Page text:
AIMS To evaluate the expression of vascular endothelial growth factor (VEGF) in uveal melanomas and correlate its presence with tumour characteristics and systemic metastasis.
METHODS 47 cases of ciliochoroidal melanoma enucleated between 1983 and 1993 were retrieved from the pathology archives at the University of Western Ontario. Paraffin sections stained with haematoxylin and eosin, periodic acid Schiff, and periodic acid Schiff without haematoxylin after bleaching of melanin were examined. The expression of VEGF protein was examined by an immunoalkaline phosphatase method following antigen retrieval, using an antibody to VEGF and vector red as the chromogen. The intensity of VEGF immunoreactivity was graded on a scale of 0–7 and correlated with tumour cell type, tumour size, presence or absence of necrosis, pigmentation, mitotic activity, microvascular density, and microvascular pattern.
RESULTS VEGF immunoreactivity was present in 44/47 tumours (94%): the intensity was graded as very weak (1–2) in 29/47 (62%) and as weak or greater in 15/47 (32%). VEGF was also found in the ciliary epithelium, smooth muscle of the ciliary body and iris, retinal ganglion cells, inner photoreceptor segments, and the retinal pigment epithelium. Follow up data were available in 43/47 patients (91.5%), with a median follow up time of 10 years. 16/43 (37%) patients developed metastases. VEGF expression in melanoma was linked to the presence of tumour necrosis and the degree of pigmentation but no statistically significant relation with microvascular pattern, tumour size, or microvascular density was found. There was no statistically significant correlation between VEGF expression and metastasis.
CONCLUSIONS Most ciliochoroidal melanomas express VEGF and expression is correlated with the presence of necrosis but not with the occurrence of systemic metastasis or tumour angiogenesis.
- uveal melanoma
- vascular endothelial growth factor
Statistics from Altmetric.com
Vascular endothelial growth factor (VEGF) has received significant attention in the recent literature as an angiogenic growth factor both in vivo and in vitro.1 It is a glycosylated, multifunctional cytokine, consisting of a family of dimeric polypeptides, which exerts its effects through specific receptors predominantly expressed on vascular endothelium. VEGF is not only involved in angiogenesis and endothelial cell growth but can also increase monocyte activation, chemotaxis, and vascular permeability.1
Many solid tumours have been found to express VEGF including adenocarcinoma of the gastrointestinal tract2 and breast,3 gliomas,4 and haemangioblastomas.5 Evidence for an important role for VEGF in tumour genesis was found by Kim et al 6 who showed that the growth of experimental gliomas and rhabdomyosarcomas in vivo could be inhibited by neutralising antibody to VEGF.
The role of VEGF in melanoma growth and metastasis has been studied by immunohistochemical methods. Gitay-Goren et al 7 looked at binding of VEGF to normal neonatal human melanocytes and four melanoma cell lines from both primary and metastatic melanomas cultured in vitro. These investigators found that human melanoma cells, but not normal melanocytes, express VEGF receptors, suggesting that the expression of VEGF receptors is one of the phenotypic changes occurring in melanocytes during malignant transformation. Salven et al 8found that 32% of primary cutaneous melanomas expressed cytoplasmic VEGF in 1–2% of the melanoma cells; VEGF expression was noted in 91% of melanoma metastases with an increased proportion of positive cells (0–60%, mean 9%).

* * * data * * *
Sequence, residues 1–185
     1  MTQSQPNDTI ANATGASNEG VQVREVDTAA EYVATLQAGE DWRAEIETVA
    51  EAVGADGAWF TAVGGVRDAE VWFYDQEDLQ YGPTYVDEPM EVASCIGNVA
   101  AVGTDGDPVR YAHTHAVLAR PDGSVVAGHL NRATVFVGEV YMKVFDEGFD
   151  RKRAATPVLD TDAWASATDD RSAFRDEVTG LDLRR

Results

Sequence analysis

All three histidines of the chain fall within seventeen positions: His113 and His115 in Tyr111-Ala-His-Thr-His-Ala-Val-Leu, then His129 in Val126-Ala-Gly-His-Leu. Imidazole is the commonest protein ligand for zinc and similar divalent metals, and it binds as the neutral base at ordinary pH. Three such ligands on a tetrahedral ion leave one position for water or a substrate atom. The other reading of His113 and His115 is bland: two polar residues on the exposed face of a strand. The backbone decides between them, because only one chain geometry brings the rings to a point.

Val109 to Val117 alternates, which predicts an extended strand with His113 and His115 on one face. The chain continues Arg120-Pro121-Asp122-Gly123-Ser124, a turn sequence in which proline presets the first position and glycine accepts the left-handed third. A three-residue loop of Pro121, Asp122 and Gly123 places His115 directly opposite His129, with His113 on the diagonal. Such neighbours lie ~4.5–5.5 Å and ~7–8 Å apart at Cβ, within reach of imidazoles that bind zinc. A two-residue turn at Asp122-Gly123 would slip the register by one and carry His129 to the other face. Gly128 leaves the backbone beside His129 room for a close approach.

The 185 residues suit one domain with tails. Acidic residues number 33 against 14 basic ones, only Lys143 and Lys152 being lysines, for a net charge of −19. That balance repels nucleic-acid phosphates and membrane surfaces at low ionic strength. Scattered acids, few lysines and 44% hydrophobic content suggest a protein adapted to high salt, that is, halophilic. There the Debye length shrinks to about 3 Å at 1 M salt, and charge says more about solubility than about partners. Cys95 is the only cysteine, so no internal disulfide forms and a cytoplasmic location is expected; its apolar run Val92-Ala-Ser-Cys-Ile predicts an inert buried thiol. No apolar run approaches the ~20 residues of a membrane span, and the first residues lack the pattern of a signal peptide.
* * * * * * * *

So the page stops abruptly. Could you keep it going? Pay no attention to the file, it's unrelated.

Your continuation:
The role of VEGF in tumour metastasis was explored9 in a model in which melanoma cells were transfected with VEGF cDNA and then injected into immunodeficient mice. The expression of VEGF was associated with an increased tumour growth rate, increased tumour angiogenesis, decreased tumour necrosis, and an increase in experimental metastases. Cells expressing VEGF were found to form tumours with striking microvascular hyperpermeability and angiogenesis, leading to the suggestions that VEGF has an important role in facilitating tumour growth in vivo by stimulating angiogenesis. Potgenset al 10 attempted to determine the expression of VEGF in cultured human melanoma cells and in a xenograft model. The degree of VEGF expression in vitro was increased in cultured cell lines with a known increased metastatic potential, but this trend was not observed in vivo. In another xenograft model,11 a correlation was found between VEGF mRNA and the degree of tumour vascularisation and the development of experimental metastasis. No correlation between vascular density and metastasis was found.
Immunohistochemical investigations into the expression of VEGF in ocular tissues have shown variable results. One study12showed that VEGF is present at only very low levels in the retina and choroid of normal eyes. Kvanta et al 13 showed that retinoblastomas contained high levels of both VEGF and VEGF mRNA, but were unable to demostrate either the protein or the mRNA in posterior uveal melanomas,. In contrast, Vinores et al 14 found expression of VEGF within uveal melanomas, with 26% of tumours showing positivity. Expression of both VEGF mRNA and protein in ocular melanomas has been demonstrated by Stitt et al.15
The purpose of the current study was to examine further the expression of VEGF in uveal melanomas and to correlate its presence with tumour characteristics and systemic metastasis.